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Graffiti is still often affiliated with blight on city streets. But a new exhibit in New York City called "Beyond the Streets" may help change some of those negative connotations, with work from more than 150 artists from across the globe showcasing their unique styles and interpretations of street art. Hari Sreenivasan has more.
Graffitti may be finding new homes — instead of on city buildings or train cars, works inspired by graffiti are being displayed in art galleries and shows.
You might say traditional street art is now going beyond the streets. And that's the name of an exhibit in Brooklyn, New York.
Graffiti is a very simple human emotion made visible.
That's how artist Stephen Powers describes his work. The New York based artist, also known as espo, moved from Philadelphia during the height of New York City's graffiti movement in the 1990s.
Large buildings are the typical canvases for his graphic designs and street art, but now his work is being showcased inside at the "Beyond the Streets" exhibit in Brooklyn, New York.
What's going on here, these are symbols, they're packets of information, that try to condense the human experience into the smallest package possible.
Work from more than 150 artists from across the globe fill the exhibit. Each showcasing a unique style and interpretation of street art.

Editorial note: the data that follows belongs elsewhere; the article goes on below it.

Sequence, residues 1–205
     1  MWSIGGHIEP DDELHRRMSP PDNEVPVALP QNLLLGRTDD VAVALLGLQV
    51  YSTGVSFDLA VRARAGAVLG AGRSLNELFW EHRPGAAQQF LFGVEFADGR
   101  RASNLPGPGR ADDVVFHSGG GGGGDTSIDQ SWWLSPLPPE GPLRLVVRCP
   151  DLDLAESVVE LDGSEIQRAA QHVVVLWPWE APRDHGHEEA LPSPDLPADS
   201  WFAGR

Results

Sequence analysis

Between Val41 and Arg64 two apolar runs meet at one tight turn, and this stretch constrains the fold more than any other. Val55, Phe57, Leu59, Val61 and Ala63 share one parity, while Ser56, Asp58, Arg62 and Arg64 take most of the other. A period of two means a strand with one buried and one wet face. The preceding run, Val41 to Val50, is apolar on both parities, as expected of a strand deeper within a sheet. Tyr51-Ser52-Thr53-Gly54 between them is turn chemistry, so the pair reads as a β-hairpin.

Australian husband and wife artists who call themselves 'DABSMYLA'', use bright colors and floral prints. While artists such as Patrick Martinez transforms typical neon signs popular into tools of activism…
At its core, at its root, graffiti and street art will always be illegal. But it also evolves into other works.
Roger Gastman is curator of "Beyond the Streets."
And they've gone into the studios and they've made complete new bodies of work often inspired by the streets. But it is not work salvaged from the street.
Gastman's own experience with graffiti inspired both the New York exhibit and a similar 2011 exhibit in Los Angeles.
The show is honestly made to educate the public about graffiti, about street art and where the culture has gone and other artists that continue to draw inspiration from this culture.
The two-floor exhibit featuring an in house tattoo parlor every Friday and a fake record store 'Trash Records' is running until August 25th.
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Hari Sreenivasan joined the PBS NewsHour in 2009. He is the Anchor of PBS NewsHour Weekend and a Senior Correspondent for the nightly program.
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